Lakeland Real Estate

Written by Helen Glenn Court
Bookmark and Share

With a centennial already under its belt, Lakeland--which lies 35 miles east of Tampa off Interstate 4 into Polk County--is one of Florida's older cities. Founded in 1883 by a Kentucky businessman with an eye to railroad centers, Lakeland was named (reasonably enough) for the many lakes in the area and the railroad was critical to its growth. In the city's early years, strawberries were its economic mainstay, but today the citrus industry, tourism, and phosphate mining are dominant.

Lakeland's Second Century

A distribution center and corporate headquarters for a number of companies, the city is also home to Lakeland Center. This facility hosts a variety of sporting events, business conventions, trade shows, concerts, and a host of other events. Lakeland's Polk Museum of Art is home to collections of American, Asian, and European Art. Two well-established colleges--Southeastern (1935) and Florida Southern (1885)--are also within city limits. Florida Southern is noteworthy in particular for its campus being the largest single concentration of Frank Lloyd Wright architecture.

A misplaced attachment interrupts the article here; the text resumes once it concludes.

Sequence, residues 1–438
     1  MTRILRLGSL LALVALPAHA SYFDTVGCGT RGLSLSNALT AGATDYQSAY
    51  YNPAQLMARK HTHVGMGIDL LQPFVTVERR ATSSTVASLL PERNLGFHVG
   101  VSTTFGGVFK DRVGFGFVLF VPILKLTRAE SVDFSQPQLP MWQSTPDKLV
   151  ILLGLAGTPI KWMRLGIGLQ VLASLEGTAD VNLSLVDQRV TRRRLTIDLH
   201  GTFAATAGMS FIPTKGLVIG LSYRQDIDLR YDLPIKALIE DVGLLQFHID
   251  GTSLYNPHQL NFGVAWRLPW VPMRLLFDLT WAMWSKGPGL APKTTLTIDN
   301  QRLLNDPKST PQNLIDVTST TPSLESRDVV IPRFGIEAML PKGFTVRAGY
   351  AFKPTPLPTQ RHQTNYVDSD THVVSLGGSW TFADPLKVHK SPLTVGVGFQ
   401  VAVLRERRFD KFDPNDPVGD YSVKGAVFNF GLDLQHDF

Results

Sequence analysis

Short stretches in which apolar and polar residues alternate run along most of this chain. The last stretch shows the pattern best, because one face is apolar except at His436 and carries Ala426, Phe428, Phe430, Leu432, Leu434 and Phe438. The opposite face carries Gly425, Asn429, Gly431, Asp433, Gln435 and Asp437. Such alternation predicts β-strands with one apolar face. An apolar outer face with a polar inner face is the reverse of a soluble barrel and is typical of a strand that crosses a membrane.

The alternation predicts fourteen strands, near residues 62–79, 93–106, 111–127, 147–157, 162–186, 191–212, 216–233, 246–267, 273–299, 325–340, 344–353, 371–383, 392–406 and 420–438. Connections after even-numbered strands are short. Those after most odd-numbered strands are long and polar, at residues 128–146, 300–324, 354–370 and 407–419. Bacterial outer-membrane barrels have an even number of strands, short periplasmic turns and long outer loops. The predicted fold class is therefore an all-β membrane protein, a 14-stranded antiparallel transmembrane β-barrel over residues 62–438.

Interestingly, during the 1980s, when so much of the country was enjoying a strong economy and growth was prevalent, Lakeland fell on hard times. Atypical weather took a toll on the citrus crop, phosphate declined, and Piper Aircraft shut down. Unemployment in Lakeland hit a terrifying high of 19 percent. Fortunately, the city mustered its reserves and during the 1990s was able to reverse its fortunes.

Today, funding has poured more than $255 million into Lakeland's downtown in recent years, which has included the new and beautiful Hollis Garden as part of the city's public park system. Lakeland is now home is a young (median age 39) population that is well educated, culturally diverse, and moderately affluent. As a place to raise a family and enjoy all that the Gulf coast and Polk County have to offer, Lakeland is a wonderful choice!


Bookmark and Share